New Fintech Development Vectors for 2022

Venture investors shape the future by funding the development of certain technologies. Until recently, they weren’t many surprises, with most trends easily seen 3, 5 or even 10 years out. But 2021 was different. The ongoing pandemic and increased social pressure have significantly expanded possible areas for the application of fintech solutions. This, combined with major shifts in the global economy, have set new development vectors for the fintech market, thereby making it more difficult to predict the future. Nonetheless, the hardworking people at Digital Horizon have put together 7 fundamental trends (with 2 possible scenarios each) likely to shape our future.

  • Democratization of private assets – regulators are quickly working to find the best overall solutions for possibilities that couldn’t have been imaged some years ago. Either they will begin to restrict market access or will be successful in finding a balance between retail investors’ interest in high-return assets and the need to safeguard people’s financial safety.
  • Products for solo-entrepreneurs – the pandemic has accelerated changes in the labor market, especially the rise of freelance workers and platforms. This niche sector and the financial institutions and products that serve with will continue to develop but stay niche. Alternatively, the principles used to serve this niche segment could be carried over to the mainstream market, leading to the significant expansion of financial product availability.
  • Fintech for open ecosystems – either independent players will refuse to team up and build open ecosystems (leading to increased gaps for market leaders), or the development of open ecosystems will increase market fragmentation (with users having separate financial institutions/apps for each different life experience (e.g. one for shopping, another for travel and yet another for educational expenses).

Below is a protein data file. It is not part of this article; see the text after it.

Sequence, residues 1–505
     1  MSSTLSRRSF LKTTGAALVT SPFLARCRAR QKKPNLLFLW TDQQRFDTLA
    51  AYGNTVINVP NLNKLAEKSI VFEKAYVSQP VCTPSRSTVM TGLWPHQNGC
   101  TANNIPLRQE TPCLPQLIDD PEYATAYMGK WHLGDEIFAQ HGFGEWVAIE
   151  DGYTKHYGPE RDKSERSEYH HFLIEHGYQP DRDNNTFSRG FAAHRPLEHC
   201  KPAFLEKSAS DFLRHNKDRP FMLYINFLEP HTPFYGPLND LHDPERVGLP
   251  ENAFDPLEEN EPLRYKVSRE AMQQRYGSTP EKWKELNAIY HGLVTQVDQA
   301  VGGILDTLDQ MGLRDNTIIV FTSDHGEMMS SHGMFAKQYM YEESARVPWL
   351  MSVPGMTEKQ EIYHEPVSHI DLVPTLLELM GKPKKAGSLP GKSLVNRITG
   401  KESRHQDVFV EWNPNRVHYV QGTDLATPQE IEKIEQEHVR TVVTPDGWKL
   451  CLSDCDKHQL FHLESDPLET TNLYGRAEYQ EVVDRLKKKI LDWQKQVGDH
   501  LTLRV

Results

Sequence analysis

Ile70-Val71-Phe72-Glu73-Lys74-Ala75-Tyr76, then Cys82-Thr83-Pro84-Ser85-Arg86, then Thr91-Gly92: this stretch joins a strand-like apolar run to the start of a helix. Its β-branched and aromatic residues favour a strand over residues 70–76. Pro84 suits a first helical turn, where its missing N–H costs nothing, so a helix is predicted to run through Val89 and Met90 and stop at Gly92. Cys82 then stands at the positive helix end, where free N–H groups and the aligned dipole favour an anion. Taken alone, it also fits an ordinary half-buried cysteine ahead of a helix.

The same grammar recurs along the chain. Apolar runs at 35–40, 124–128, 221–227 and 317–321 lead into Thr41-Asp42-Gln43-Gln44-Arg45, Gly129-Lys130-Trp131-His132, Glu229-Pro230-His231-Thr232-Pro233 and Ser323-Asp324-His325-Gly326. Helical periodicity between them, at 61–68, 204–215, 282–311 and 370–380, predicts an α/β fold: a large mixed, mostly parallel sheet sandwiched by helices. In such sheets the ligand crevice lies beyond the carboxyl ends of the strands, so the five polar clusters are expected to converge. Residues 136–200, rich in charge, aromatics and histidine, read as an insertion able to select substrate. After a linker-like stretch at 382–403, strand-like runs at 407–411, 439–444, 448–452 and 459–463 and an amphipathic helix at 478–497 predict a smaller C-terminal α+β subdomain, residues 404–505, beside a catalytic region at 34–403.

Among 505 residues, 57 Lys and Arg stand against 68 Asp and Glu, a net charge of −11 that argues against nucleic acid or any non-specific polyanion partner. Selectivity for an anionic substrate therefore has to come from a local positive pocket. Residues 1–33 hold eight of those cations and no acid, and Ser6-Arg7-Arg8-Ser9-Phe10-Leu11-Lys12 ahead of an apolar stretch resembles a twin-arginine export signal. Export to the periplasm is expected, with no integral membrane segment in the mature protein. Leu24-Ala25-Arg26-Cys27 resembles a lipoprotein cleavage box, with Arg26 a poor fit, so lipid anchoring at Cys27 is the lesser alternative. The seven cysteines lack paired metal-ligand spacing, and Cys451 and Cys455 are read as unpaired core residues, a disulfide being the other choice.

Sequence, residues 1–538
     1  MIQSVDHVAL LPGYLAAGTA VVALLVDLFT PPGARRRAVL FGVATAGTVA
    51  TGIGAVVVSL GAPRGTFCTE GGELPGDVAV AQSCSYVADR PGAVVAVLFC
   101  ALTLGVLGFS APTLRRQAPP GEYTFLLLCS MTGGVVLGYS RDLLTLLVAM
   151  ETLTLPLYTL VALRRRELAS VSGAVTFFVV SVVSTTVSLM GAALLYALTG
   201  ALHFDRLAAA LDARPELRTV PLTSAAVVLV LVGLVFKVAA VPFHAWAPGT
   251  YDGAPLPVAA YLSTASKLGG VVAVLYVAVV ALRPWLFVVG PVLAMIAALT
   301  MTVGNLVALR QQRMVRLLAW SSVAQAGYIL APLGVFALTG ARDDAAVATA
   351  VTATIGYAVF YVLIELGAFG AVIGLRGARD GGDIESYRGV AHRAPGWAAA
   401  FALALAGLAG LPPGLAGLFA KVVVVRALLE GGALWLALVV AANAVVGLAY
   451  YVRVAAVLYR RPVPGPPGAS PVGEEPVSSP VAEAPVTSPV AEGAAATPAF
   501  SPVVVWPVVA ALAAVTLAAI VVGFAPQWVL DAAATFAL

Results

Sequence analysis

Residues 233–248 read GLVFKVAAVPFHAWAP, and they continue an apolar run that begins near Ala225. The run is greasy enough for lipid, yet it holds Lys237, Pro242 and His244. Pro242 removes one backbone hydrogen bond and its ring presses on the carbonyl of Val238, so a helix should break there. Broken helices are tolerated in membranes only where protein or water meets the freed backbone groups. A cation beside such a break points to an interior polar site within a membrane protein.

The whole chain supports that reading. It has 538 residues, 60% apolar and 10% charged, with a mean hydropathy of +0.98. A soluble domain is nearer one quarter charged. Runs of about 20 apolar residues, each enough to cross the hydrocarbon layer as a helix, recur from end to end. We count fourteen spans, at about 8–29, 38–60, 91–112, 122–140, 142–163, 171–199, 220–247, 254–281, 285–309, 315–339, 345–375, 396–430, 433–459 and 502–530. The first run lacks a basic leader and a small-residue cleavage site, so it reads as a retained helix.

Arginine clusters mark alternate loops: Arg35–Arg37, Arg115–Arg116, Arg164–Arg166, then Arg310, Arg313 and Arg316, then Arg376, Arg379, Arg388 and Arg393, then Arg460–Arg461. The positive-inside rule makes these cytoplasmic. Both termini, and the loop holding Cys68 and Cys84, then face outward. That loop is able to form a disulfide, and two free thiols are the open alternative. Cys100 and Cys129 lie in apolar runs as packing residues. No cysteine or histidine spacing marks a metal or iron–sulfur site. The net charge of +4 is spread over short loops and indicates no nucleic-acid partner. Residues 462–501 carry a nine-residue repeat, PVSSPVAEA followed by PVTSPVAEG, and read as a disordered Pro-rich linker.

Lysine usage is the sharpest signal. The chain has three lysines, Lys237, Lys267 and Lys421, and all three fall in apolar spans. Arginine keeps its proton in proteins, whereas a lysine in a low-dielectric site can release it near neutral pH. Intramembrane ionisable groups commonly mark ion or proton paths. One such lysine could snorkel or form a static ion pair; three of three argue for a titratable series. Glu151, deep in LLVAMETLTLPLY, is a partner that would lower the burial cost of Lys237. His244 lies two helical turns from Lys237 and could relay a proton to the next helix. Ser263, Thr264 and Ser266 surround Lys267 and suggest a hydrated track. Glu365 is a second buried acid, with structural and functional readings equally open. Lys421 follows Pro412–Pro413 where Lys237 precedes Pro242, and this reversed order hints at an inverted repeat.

• Post-big data era – the is a large volume of big data in the world, yet it’s useful is often difficult to tap into. It is expected that one entity will become a big data monopoly, storing and processing data centrally. Alternatively, the specialization of data processing could intensify, leading to client companies purchasing already-identified patterns of data.
  • Tokenization of real-world assets – the digitization of ownership and copyright creates new asset classes that can be sold, bought and divided. This could remain exclusively in the realm of alternative finance, meaning that such assets remain more expensive and high-risk-taking market participants will benefit more from them, or asset tokenization could become deeply integrated with other business processes and allow companies to create new, non-standard financial products.
  • Payments in metaverses – metaverses are already here. However, it remains to be seen if they will develop in a decentralized or centralized way. If decentralized, it will mean that users will have greater control of the management of data and content. If centralized, much of this power will be given to metaverse creators (as regulated by big techs and regulating bodies).
  • Green fintech – with the effects of climate change becoming increasingly clear, green finance will become important. On one hand, it could become mainstream, with regulators and society demanding it be a central feature of decision-making. On the other hand, it could remain a feature within open ecosystems, giving more of a focus on reducing energy consumption and switching to renewable energy sources.